From Camille – A Culinary Adventure with Gustiamo – A Visit to La Molina Chocolate

Camille visits La Molina chocolate, in Quarrata, near Pistoia. The saying, “Dulcis in Fundo”, could not be more appropriate. This is Camille’s last culinary destination in Italy. Thank you, Camille. It has been a privilege to read the journal your wrote for us. Your work was great and perfectly caught the spirit of our producers, our heros. Of course, Zac’s beautiful pictures helped a lot, too. Grazie veramente. This is what Camille says about her visit to la Molina:

La Molina What’s a better fix for a sweet craving than chocolate? Nothing, in my opinion. But with check-out stands crowded with chocolate bars, how to choose? Well, it’s easy. As with everything else on Gustiamo’s website, quality ingredients and time-tested traditions make for a quality product, and the same goes for chocolate.

Chocolate maybe isn’t the first thing you think of when you think “Italy,” but La Molina is changing all that. Started in 2000 by the Lunardi brothers, who had been making pastry for years, they’re constantly thinking of new ways to reinvent the classics. What better example than their chocolate cactus, a new and fun take on the Italian favorite, chocolate Easter eggs. But maybe they are most unique in their business model: everything is made by hand using only the best ingredients. Unlike industrial chocolate companies, La Molina sources its chocolate from small plantations. The chocolate is produced according to a recipe unique to La Molina, and the amazing flavors and shapes are created after the chocolate arrives in Italy.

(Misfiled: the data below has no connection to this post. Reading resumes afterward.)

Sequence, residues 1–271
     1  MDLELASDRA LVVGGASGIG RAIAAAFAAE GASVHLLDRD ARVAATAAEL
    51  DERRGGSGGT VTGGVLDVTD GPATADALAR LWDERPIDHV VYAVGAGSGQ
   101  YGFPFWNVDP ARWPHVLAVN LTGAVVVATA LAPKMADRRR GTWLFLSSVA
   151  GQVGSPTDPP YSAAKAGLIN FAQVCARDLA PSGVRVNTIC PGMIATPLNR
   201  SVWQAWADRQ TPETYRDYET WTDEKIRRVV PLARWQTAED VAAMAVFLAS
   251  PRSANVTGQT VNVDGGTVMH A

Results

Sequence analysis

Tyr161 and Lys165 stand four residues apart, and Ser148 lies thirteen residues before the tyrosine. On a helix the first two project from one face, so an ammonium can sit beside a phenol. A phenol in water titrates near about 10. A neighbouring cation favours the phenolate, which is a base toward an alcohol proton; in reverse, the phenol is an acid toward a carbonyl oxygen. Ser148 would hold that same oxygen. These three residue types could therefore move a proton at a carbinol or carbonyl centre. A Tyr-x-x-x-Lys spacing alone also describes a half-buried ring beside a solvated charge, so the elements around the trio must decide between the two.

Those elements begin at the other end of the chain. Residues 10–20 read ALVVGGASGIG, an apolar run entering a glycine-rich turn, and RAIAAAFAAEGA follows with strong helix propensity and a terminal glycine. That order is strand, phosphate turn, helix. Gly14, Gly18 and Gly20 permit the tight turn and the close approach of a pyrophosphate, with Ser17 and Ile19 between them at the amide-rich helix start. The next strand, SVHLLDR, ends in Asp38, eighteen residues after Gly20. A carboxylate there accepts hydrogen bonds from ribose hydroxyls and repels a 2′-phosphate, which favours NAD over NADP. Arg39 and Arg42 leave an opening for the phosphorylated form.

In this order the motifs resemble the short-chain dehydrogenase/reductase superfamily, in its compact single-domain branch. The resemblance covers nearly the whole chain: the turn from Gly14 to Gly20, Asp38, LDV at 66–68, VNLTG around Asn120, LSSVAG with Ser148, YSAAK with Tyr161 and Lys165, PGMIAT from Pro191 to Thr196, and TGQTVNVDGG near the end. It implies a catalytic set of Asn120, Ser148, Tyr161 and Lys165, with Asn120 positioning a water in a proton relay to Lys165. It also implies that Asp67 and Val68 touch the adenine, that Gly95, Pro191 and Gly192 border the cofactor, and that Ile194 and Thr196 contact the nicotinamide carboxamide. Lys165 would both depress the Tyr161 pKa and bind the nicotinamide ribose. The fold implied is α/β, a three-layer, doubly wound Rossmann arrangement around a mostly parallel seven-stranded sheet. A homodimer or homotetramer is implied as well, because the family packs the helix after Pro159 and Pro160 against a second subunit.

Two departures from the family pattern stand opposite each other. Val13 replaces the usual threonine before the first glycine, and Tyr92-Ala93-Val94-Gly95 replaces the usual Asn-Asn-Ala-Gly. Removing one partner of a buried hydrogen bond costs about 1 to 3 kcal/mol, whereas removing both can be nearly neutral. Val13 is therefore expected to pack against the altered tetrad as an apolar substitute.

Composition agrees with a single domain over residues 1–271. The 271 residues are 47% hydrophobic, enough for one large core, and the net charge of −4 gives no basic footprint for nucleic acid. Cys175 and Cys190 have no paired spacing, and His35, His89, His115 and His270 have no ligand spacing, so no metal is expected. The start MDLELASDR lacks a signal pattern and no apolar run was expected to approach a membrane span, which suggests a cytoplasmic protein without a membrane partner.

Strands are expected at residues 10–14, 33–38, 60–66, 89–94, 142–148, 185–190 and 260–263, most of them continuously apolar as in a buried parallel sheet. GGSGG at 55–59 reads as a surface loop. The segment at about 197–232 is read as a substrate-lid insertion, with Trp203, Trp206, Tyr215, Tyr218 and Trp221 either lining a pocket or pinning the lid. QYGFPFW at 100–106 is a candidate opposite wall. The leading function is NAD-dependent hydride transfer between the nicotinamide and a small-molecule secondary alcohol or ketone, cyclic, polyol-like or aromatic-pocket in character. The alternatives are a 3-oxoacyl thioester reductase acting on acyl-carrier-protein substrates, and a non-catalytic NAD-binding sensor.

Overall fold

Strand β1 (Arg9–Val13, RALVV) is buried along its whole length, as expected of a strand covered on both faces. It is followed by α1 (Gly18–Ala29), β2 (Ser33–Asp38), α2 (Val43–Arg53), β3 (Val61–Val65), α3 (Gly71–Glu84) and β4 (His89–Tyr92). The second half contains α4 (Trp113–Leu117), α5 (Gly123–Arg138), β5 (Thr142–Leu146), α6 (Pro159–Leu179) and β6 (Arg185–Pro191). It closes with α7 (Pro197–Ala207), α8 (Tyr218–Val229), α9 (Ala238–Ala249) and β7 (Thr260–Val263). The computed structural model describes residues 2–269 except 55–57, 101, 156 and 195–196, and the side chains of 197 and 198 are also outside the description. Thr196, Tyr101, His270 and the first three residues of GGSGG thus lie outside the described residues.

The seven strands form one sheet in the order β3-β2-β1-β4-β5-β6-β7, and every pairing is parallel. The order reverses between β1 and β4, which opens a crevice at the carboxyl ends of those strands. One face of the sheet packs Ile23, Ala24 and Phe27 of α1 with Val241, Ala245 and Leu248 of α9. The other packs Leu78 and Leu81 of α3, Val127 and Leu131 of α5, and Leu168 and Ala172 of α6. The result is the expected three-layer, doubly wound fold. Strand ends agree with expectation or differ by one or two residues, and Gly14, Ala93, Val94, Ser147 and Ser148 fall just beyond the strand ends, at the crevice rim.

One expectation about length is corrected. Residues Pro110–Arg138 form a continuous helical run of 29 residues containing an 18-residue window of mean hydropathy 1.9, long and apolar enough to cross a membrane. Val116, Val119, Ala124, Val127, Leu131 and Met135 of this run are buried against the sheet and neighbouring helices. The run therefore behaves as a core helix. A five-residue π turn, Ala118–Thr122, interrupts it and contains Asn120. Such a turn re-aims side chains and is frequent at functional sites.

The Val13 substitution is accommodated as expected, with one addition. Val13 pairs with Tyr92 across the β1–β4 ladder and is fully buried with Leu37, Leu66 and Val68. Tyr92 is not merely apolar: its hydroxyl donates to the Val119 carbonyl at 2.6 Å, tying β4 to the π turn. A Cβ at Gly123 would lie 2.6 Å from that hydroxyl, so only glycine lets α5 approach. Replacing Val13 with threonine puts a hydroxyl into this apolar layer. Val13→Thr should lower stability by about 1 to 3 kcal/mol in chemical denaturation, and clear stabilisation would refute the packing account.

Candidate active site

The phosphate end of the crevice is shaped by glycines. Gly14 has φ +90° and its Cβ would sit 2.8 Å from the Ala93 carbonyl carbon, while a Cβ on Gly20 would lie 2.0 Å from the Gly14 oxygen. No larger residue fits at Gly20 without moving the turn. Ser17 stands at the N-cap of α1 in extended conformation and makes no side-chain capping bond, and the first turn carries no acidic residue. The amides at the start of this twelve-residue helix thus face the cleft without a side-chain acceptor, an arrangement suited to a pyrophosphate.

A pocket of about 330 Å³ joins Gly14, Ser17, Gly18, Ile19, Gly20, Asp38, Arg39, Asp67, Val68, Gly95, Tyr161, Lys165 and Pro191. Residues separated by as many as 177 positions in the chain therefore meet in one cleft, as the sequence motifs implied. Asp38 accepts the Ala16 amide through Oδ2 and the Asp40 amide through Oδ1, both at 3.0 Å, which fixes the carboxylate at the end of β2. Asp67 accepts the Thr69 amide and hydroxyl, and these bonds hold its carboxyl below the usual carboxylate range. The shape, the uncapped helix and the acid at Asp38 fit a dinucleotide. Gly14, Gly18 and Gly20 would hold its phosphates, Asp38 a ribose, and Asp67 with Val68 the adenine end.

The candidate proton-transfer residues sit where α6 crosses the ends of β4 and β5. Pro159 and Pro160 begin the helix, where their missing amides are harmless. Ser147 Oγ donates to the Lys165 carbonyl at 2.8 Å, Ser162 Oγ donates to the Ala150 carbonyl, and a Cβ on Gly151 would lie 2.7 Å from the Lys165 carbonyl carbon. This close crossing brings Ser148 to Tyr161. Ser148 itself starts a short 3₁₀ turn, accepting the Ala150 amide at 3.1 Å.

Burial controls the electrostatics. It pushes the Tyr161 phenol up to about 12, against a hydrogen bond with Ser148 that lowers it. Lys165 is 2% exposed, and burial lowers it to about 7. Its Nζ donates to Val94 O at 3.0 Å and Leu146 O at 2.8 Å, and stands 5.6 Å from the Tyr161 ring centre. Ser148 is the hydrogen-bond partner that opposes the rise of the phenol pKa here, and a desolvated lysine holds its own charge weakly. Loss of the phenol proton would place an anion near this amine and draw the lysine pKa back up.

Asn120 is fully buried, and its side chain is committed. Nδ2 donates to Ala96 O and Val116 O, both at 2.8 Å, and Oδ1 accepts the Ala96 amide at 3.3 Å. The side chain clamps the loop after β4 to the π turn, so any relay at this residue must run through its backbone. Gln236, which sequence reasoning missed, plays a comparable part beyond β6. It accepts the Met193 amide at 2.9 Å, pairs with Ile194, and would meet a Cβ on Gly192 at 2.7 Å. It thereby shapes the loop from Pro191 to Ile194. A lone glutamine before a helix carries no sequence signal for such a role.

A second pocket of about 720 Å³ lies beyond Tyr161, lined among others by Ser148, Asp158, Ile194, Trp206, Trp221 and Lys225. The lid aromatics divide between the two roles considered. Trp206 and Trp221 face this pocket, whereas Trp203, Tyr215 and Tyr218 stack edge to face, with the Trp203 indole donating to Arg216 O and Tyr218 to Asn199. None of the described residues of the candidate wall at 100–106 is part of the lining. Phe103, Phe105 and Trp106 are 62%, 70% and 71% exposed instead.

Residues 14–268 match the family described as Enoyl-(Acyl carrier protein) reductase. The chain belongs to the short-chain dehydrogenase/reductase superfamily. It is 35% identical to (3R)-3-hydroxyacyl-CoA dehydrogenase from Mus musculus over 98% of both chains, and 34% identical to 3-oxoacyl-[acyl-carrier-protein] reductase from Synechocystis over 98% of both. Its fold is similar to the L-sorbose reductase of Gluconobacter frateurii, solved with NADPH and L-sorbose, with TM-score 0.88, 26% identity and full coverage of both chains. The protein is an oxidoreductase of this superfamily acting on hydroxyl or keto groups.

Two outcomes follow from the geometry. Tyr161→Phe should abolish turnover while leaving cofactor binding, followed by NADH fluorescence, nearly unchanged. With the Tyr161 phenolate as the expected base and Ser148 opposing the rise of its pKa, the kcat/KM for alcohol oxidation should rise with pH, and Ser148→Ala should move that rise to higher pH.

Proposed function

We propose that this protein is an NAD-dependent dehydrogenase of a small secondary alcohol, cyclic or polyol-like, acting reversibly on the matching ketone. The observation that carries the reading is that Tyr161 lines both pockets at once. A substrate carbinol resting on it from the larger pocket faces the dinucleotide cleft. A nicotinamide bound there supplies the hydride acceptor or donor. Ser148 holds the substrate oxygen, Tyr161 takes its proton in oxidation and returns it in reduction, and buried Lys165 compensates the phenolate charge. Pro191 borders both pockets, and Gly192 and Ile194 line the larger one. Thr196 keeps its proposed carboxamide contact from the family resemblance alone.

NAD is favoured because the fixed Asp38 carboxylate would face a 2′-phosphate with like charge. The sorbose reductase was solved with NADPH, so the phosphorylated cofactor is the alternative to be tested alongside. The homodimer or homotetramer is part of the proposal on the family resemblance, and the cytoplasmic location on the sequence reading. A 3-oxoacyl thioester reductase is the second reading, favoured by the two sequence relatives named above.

La Molina oranges
La Molina oranges

The day I visited, they were in the process of turning fresh oranges into candied orange peel, making the entire workroom smell like orange (Alessandro, who was wonderful and showed us around, offered us a few of the already-peeled oranges. Since they only use the peel in the chocolate, all of the employees take home oranges to their families. What a bonus!). The fact that the ingredients are fresh and are added by hand is obvious – the “gianduja” (hazelnut) chocolates taste like the hazelnuts had been freshly toasted, and the intensely creamy chocolate melts in your mouth.

La Molina La Molina chocolate is delicious, but it’s also beautiful – the packaging is modern and innovative, and is a feast for the eyes as well as the mouth. And they get what all of us chocolate lovers want – their chocolate bars are big enough to be satisfying, but they’re small enough that you could devour the entire thing yourself. You’re meant to get your hands dirty and enjoy the chocolate to the last bite, bringing out the kid in everyone. And that’s how La Molina thinks about chocolate – it’s a connection to pleasure, to bliss, and it should be enjoyed and celebrated as such.

All in all, from the beautiful packaging to the incredible flavors and textures, everything about La Molina is well crafted.

Camille Frazier

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